music

Arts and Entertainment
Star Wars creator George Lucas

film

Arts and Entertainment

music

Arts and Entertainment
A shot from the forthcoming Fast and Furious 7

film

Arts and Entertainment
The new-look Top of the Pops could see Fearne Cotton returns as a host alongside Dermot O'Leary

TV

Arts and Entertainment
The leader of the Church of Scientology David Miscavige

TV

Arts and Entertainment
No half measures: ‘The Secret Life of the Pub’

Grace Dent on TV The Secret Life of the Pub is sexist, ageist and a breath of fresh air

Arts and Entertainment
Art on their sleeves: before downloads and streaming, enthusiasts used to flick through racks of albums in their local record shops
musicFor Lois Pryce, working in a record shop was a dream job - until the bean counters ruined it
Arts and Entertainment
Serial suspect: the property heir charged with first-degree murder, Robert Durst
TV review
Arts and Entertainment
Igarashi in her

Art Megumi Igarashi criticises Japan's 'backwards' attitude to women's sexual expression

Arts and Entertainment
Could Ed Sheeran conquer the Seven Kingdoms? He could easily pass for a Greyjoy like Alfie Allen's character (right)

tv Singer could become the most unlikely star of Westeros

Arts and Entertainment
Beyonce, Boris Johnson, Putin, Nigel Farage, Russell Brand and Andy Murray all get the Spitting Image treatment from Newzoids
tvReview: The sketches need to be very short and very sharp as puppets are not intrinsically funny
Arts and Entertainment
Despite the controversy it caused, Mile Cyrus' 'Wrecking Ball' video won multiple awards
musicPoll reveals over 70% of the British public believe sexually explicit music videos should get ratings
Arts and Entertainment
Lena Headey as Cersei Lannister and Ian Beattie as Meryn Trant in the fifth season of Game of Thrones

TV
Arts and Entertainment

book review
Arts and Entertainment
It's all in the genes: John Simm working in tandem with David Threlfall in 'Code of a Killer'

TV review
  • Get to the point
Latest stories from i100
Have you tried new the Independent Digital Edition apps?

ES Rentals

    Independent Dating
    and  

    By clicking 'Search' you
    are agreeing to our
    Terms of Use.

    General Election 2015: Chuka Umunna on the benefits of immigration, humility – and his leader Ed Miliband

    Chuka Umunna: A virus of racism runs through Ukip

    The shadow business secretary on the benefits of immigration, humility – and his leader Ed Miliband
    Yemen crisis: This exotic war will soon become Europe's problem

    Yemen's exotic war will soon affect Europe

    Terrorism and boatloads of desperate migrants will be the outcome of the Saudi air campaign, says Patrick Cockburn
    Marginal Streets project aims to document voters in the run-up to the General Election

    Marginal Streets project documents voters

    Independent photographers Joseph Fox and Orlando Gili are uploading two portraits of constituents to their website for each day of the campaign
    Game of Thrones: Visit the real-life kingdom of Westeros to see where violent history ends and telly tourism begins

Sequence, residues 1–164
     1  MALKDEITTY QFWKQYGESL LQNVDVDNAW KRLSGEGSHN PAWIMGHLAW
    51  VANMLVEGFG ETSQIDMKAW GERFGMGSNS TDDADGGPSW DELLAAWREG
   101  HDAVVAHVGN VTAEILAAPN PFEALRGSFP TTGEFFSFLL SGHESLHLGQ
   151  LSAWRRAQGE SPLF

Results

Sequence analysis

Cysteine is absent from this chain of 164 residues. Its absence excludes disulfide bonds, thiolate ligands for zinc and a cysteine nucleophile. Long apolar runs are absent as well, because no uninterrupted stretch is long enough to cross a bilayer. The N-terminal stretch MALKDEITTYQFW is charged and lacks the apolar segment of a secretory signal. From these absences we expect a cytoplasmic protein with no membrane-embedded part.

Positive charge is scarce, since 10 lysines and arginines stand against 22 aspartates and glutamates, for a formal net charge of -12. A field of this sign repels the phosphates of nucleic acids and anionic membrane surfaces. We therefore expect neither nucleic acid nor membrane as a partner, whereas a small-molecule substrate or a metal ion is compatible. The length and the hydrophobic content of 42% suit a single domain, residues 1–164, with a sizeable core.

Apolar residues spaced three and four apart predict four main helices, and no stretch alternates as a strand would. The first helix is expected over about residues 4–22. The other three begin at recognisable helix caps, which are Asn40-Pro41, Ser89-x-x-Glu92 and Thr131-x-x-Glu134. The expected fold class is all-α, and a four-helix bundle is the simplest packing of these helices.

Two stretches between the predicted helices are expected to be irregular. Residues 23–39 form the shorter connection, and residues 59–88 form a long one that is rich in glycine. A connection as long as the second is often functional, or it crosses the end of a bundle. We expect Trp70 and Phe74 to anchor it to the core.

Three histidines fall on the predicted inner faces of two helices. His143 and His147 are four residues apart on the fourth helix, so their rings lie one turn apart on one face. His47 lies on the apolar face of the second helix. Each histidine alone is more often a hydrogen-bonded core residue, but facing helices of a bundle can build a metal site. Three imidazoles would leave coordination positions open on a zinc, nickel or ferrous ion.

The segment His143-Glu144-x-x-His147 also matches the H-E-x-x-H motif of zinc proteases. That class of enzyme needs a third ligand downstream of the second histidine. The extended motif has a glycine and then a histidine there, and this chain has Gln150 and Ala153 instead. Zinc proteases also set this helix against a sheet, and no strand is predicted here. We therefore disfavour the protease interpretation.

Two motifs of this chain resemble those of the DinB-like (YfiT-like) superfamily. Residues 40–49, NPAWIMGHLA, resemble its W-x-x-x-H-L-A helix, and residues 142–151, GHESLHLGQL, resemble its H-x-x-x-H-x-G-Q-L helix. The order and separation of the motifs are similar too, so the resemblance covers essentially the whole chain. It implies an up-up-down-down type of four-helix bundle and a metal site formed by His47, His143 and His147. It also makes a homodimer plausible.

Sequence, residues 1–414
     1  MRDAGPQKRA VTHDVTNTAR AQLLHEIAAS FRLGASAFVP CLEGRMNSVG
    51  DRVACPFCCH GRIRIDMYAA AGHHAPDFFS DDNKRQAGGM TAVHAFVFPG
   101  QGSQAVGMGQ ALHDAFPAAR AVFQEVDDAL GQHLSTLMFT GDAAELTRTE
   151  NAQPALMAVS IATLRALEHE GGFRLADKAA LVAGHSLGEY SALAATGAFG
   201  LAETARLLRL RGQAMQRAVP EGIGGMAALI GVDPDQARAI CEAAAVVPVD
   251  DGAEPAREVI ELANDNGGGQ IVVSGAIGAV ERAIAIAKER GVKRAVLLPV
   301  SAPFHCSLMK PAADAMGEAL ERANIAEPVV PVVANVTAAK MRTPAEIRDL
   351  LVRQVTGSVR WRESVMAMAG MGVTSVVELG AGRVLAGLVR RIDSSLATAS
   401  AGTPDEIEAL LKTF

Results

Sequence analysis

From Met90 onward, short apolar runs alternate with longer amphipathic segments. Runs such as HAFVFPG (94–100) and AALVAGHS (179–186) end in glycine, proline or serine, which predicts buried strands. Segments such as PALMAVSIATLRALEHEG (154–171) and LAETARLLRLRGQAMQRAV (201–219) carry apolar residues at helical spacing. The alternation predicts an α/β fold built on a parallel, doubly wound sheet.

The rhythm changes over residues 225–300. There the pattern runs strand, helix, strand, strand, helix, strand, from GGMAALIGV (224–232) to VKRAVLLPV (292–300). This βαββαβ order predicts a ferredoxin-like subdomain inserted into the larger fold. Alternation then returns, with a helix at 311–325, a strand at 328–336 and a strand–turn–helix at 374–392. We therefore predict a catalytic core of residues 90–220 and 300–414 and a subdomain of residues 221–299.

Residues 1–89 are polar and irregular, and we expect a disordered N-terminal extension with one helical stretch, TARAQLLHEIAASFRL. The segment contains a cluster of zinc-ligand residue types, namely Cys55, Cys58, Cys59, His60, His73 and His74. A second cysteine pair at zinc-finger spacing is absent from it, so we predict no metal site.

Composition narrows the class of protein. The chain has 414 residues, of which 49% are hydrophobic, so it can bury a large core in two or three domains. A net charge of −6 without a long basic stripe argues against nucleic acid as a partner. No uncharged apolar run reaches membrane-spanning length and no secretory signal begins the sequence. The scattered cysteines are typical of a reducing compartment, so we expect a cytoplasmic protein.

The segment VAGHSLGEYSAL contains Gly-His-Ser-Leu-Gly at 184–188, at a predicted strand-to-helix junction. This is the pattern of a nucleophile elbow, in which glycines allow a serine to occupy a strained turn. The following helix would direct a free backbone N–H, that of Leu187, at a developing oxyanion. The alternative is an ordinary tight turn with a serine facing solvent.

The real-life kingdom of Westeros

    Is there something a little uncomfortable about Game of Thrones shooting in Northern Ireland?
    How to survive a social-media mauling, by the tough women of Twitter

    How to survive a Twitter mauling

    Mary Beard, Caroline Criado-Perez, Louise Mensch, Bunny La Roche and Courtney Barrasford reveal how to trounce the trolls
    Gallipoli centenary: At dawn, the young remember the young who perished in one of the First World War's bloodiest battles

    At dawn, the young remember the young

    A century ago, soldiers of the Empire – many no more than boys – spilt on to Gallipoli’s beaches. On this 100th Anzac Day, there are personal, poetic tributes to their sacrifice
    Dissent is slowly building against the billions spent on presidential campaigns – even among politicians themselves

    Follow the money as never before

    Dissent is slowly building against the billions spent on presidential campaigns – even among politicians themselves, reports Rupert Cornwell
    Samuel West interview: The actor and director on austerity, unionisation, and not mentioning his famous parents

    Samuel West interview

    The actor and director on austerity, unionisation, and not mentioning his famous parents
    General Election 2015: Imagine if the leading political parties were fashion labels

    Imagine if the leading political parties were fashion labels

    Fashion editor, Alexander Fury, on what the leaders' appearances tell us about them
    Phumzile Mlambo-Ngcuka: Home can be the unsafest place for women

    Phumzile Mlambo-Ngcuka: Home can be the unsafest place for women

    The architect of the HeForShe movement and head of UN Women on the world's failure to combat domestic violence
    Public relations as 'art'? Surely not

    Confessions of a former PR man

    The 'art' of public relations is being celebrated by the V&A museum, triggering some happy memories for DJ Taylor
    Bill Granger recipes: Our chef succumbs to his sugar cravings with super-luxurious sweet treats

    Bill Granger's luxurious sweet treats

    Our chef loves to stop for 30 minutes to catch up on the day's gossip, while nibbling on something sweet
    London Marathon 2015: Paula Radcliffe and the mother of all goodbyes

    The mother of all goodbyes

    Paula Radcliffe's farewell to the London Marathon will be a family affair
    Everton vs Manchester United: Steven Naismith demands 'better' if Toffees are to upset the odds against United

    Steven Naismith: 'We know we must do better'

    The Everton forward explains the reasons behind club's decline this season
    Arsenal vs Chelsea: Praise to Arsene Wenger for having the courage of his convictions

    Michael Calvin's Last Word

    Praise to Wenger for having the courage of his convictions